it's something i would be willing to do if there was an easy way for me to query the provider for the integrity level of the data (in this case, was the email address validated? the provider would have the option to say "don't trust this email address." of course, if he didn't say that, the data could still be invalid, but such an option would let the website know that it needed to do the validation itself.). if an identity provider supplies an email address and they're not validating it, at the least, it is bad manners not to warn the website accepting the data.

finding fault with livejournal's openid implementation would be like criticizing the mosaic browser. i would never think of doing it!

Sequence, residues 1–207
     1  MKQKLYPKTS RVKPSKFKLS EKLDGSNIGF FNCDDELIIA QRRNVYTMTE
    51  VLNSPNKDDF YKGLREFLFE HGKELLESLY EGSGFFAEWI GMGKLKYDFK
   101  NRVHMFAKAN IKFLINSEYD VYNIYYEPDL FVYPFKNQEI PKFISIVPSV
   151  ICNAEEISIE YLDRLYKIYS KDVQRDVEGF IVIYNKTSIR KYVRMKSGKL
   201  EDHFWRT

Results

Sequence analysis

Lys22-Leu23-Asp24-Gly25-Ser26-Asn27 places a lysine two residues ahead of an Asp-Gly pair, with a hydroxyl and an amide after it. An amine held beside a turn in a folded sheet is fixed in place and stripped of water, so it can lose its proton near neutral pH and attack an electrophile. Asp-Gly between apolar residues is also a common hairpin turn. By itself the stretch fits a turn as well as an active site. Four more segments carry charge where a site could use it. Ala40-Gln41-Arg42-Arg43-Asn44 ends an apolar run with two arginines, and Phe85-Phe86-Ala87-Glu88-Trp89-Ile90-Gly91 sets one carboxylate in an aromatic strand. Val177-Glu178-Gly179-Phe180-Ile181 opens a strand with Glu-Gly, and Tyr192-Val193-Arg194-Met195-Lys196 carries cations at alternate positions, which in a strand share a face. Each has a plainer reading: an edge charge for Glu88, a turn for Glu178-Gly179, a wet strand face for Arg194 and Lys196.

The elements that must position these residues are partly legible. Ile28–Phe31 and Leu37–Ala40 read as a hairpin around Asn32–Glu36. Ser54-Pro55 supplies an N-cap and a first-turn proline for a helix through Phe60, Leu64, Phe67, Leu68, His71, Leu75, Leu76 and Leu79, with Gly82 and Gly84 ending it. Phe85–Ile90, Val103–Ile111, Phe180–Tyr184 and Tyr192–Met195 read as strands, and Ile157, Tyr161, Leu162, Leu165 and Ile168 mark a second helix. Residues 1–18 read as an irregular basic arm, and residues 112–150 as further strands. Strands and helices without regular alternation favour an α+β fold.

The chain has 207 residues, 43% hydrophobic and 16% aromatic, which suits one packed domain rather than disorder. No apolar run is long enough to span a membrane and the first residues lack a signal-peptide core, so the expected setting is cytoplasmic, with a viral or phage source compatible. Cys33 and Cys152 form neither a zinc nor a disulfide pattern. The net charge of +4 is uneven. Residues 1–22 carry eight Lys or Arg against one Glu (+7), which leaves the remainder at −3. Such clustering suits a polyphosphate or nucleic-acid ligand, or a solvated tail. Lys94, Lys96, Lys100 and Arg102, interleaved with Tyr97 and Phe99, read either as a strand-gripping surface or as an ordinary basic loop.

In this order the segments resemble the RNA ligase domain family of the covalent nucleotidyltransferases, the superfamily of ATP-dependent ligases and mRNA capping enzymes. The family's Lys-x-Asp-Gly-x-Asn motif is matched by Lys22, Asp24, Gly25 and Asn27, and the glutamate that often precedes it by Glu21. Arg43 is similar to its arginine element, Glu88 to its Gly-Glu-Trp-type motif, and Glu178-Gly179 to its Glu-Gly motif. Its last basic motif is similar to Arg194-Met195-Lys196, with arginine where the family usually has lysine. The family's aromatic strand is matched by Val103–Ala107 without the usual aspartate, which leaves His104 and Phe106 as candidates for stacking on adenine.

to address your last point, i don't see how i'm (in effect) blacklisting the OpenID consumer by blacklisting his provider. the consumer can choose an identity providers that meets the requirement or he can register without an OpenID. email addresses belonging to open relay mail servers are (in effect) blacklisted all the time.
I suppose you could maintain a whitelist of providers who you know authenticate email addresses, and everyone else would be on the greylist, with mandatory email authentication.

I'd like to see some kind of system for automatic email verification; I've even written a proposal for it.